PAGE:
Supreme Court Rules On Inmate Release

PUBLISHED: 5:37 PM 24 Apr 2020

High Court Rules On Lawsuit Demanding Release of Thousands of Violent Inmates

They wanted to have a serial killer released?!

The court was apparently unwilling to set violent criminals free. (Source: Washington Courts YouTube Screenshot)

With new evidence emerging every day that shows the fatality risk from contracting COVID-19 from the coronavirus much lower than claimed, many people wonder why leftist advocacy groups are still fighting to have violent prisoners released into society.

Almost every day, new stories are published reporting on a released convict committing another crime as soon as he or she is released.

However, one case that went before the Supreme Court of the State of Washington, arguing for the release of inmates, including a deadly serial killer, has been dealt with—many people argue—correctly.

1010 WCSI reported:

In a 5-4 vote Thursday, the state Supreme Court of Washington rejected a lawsuit calling for the release of thousands of inmates to help stem the spread of the coronavirus, according to reports.

Those narrowly missing a shot at freedom included Gary Ridgway, the so-called “Green River Killer,” who in 2003 was sentenced to life in prison after confessing to killing as many as 49 women in the 1980s, Seattle’s KIRO radio reported.

A lawyer representing the inmates being considered for release – about two-thirds of the state’s prison population, according to KIRO – argued that those behind bars aren’t able to keep themselves safe from the virus. He said those inmates who were elderly, in poor health or very close to their release date should be set free, Q13 FOX of Seattle reported.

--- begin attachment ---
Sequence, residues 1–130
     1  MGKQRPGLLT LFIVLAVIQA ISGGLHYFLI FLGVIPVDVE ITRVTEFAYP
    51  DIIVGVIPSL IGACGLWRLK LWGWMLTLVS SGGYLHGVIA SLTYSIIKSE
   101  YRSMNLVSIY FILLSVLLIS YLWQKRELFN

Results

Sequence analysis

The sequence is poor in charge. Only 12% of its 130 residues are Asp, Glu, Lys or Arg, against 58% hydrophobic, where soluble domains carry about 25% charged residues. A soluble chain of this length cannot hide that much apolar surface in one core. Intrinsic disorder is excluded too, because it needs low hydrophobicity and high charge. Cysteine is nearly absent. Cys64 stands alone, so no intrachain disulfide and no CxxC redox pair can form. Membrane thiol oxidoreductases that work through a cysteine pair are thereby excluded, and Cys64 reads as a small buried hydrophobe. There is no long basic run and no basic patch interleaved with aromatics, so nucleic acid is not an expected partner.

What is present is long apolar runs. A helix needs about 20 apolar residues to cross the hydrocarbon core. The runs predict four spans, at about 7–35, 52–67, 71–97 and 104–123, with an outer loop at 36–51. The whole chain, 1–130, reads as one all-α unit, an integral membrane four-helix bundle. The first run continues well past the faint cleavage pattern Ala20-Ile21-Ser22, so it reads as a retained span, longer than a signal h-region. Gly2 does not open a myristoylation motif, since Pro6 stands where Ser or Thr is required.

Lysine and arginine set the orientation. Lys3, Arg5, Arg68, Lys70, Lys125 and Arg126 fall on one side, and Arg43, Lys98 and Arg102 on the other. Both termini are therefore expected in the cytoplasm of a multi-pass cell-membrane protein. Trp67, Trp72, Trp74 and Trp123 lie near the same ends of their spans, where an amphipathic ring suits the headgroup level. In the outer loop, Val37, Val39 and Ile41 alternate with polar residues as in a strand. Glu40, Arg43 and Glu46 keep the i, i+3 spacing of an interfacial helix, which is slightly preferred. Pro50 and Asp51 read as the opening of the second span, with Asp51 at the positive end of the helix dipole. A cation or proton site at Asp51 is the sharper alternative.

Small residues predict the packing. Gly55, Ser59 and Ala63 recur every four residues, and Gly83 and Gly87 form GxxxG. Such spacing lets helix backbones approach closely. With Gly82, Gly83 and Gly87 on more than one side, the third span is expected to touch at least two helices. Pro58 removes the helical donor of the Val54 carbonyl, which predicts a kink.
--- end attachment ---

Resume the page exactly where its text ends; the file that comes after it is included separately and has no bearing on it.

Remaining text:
“We can all hold out in our homes. We can decide who we allow into our homes,” lawyer Nicholas Straley said. “People in prison do not have that option.”

Assistant Attorney General John Samson, arguing against the mass release, told the court that inmates had received face masks and separated sleep spaces, and the corrections department had conducted virus testing on 300 inmates and released some offenders.

Ultimately, the court order signed by Chief Justice Debra Stephens said the petitioners bringing the lawsuit had failed to prove the state’s treatment of the inmates amounted to “deliberate indifference” to the COVID-19 risk within the state’s detention centers, The Seattle Times reported.

At least 24 corrections department employees and 13 inmates have tested positive for the virus, with other inmates placed in isolation or quarantined, the report said.

On April 10, the state Supreme Court had asked the state to draft a plan for protecting inmates from the outbreak, Q13 FOX reported.

As the justices heard arguments, state Republicans, law enforcement officials and crime victims spoke out against the proposal to release the inmates, the station reported.

Ridgway, now 70 years old, is the subject of a recent TV documentary titled, “The Green River Killer: Mind of a Monster.” It features chilling tapes of Ridgway’s police interviews, uses the murderer’s own disturbing words to detail what ultimately led him to become a violent predator.

Ridgway confessed to strangling prostitutes, runaways and other overlooked members of society in his pickup truck while having sex with them, the New York Times reported. He would then dump their bodies around the Seattle area. According to the outlet, prosecutors said Ridgway had told them he killed 60 women but they were able to gather only enough evidence to conclusively link him to 49 murders.

Yet, this is a man who these liberal advocates wanted back on the streets?